The Centennial State is a major example of what's new in the American West – a political makeover. Colorado used to be a solid Republican state. In fact, it has gone for the Republican presidential nominee in every election since 1960, with the exceptions of 1964 and 1992. But this election season gives the state -- which was named after its largest river, named in turn by early Spanish explorers for its red silt — a chance to turn blue.
If you want further proof that it's a battleground state, just watch television for 10 minutes, as residents have been inundated with political ads, especially in the race's closing days.
That's in part because of a seismic shift in Colorado. Though President Bush won the state twice, now there's some Bush backlash. That combined with an influx of new residents may make it more favorable this year for Democrats. Colorado has seen tens of thousands of new residents settle annually, bringing with them high ideals and fierce independence.
Now, so many of those unaffiliated newcomers exist that their voters outnumber the rolls of either party.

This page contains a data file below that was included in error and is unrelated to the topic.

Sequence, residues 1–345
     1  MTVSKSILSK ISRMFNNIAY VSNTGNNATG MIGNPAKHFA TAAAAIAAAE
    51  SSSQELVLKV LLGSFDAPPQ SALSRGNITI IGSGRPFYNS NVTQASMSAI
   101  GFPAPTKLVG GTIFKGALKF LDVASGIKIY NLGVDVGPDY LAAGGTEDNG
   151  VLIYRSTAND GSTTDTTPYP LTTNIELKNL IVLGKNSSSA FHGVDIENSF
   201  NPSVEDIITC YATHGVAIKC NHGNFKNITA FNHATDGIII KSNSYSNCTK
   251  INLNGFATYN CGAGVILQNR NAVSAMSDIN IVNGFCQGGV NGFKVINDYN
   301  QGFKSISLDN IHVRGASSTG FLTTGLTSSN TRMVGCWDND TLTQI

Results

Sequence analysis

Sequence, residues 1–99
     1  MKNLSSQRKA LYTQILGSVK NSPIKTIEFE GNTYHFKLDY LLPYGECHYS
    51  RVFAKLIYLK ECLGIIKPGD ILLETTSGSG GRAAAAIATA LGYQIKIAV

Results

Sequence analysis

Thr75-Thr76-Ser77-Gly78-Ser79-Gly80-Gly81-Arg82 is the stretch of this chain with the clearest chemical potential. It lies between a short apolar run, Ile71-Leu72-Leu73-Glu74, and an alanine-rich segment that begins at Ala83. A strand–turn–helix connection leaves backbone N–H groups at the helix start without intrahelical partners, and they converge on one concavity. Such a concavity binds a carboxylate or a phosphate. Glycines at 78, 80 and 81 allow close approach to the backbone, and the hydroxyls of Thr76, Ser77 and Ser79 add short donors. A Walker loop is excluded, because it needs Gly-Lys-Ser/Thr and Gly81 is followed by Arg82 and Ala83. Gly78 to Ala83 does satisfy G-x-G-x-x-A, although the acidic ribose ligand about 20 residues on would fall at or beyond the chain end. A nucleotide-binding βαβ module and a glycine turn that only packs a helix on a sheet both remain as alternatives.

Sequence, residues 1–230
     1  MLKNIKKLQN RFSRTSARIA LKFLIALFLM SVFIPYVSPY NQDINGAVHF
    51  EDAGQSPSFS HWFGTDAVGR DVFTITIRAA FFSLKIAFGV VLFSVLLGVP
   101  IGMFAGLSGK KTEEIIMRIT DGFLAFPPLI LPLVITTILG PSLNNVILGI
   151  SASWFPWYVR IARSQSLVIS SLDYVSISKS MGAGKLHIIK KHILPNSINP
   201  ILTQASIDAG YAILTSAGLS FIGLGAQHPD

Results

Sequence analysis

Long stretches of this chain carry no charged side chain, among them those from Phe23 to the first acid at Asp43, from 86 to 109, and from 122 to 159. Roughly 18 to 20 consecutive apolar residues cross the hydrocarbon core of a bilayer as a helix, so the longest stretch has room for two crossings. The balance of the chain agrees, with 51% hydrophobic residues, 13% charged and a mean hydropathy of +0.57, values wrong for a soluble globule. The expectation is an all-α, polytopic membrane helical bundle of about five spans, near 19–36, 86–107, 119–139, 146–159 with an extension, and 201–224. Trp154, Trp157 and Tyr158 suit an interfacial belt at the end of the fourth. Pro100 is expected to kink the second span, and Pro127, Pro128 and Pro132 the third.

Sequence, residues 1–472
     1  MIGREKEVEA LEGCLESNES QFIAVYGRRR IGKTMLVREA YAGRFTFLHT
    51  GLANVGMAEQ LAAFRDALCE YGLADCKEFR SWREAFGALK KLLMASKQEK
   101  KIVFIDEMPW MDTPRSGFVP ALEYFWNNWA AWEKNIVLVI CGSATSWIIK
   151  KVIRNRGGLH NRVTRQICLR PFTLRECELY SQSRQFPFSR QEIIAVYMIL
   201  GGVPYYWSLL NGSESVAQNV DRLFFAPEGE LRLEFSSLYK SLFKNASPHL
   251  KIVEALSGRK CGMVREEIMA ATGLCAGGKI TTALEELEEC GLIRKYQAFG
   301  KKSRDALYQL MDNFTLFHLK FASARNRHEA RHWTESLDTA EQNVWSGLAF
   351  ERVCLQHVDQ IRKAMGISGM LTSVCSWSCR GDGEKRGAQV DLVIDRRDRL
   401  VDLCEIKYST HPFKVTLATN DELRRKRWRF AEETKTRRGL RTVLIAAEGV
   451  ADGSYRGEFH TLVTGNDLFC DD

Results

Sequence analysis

"People that were unaffiliated used to default Republican. They don't do that anymore," said Colorado Gov. Bill Ritter.
It was a cue for Democrats, who, after years of wandering the political wilderness, pounced on the opportunity presented by the swelling ranks new voters. And Ritter benefited from it.
As a former prosecutor and Catholic, the Democrat could have run his gubernatorial campaign on a law-and-order, anti-abortion platform. Instead, he went with windmills, and snatched the governor's chair two years ago in a landslide with an issue nearly everyone could agree upon.
"We've found a way to govern to the middle. We're largely centrists," Ritter said.
State Senator Joe Rice is an Army colonel and one of the Democrats' rising moderate stars, and he worries his party may get drunk on power and taste its own backlash in two years.
"Whichever party starts to think they have a monopoly on good ideas, they start losing," Rice said.
But Republicans have not bowed out entirely. Congresswoman Marilyn Musgrave went to Washington as a Christian crusader six years ago, and her efforts to ban gay marriage made her a hero of the Republican right. Though her agenda today is much more nonpartisan, she still backs the McCain-Palin ticket.
"When it comes to spending, when it comes to immigration, the Republican party has been wrong," she said. "I'm hoping Colorado goes McCain-Palin."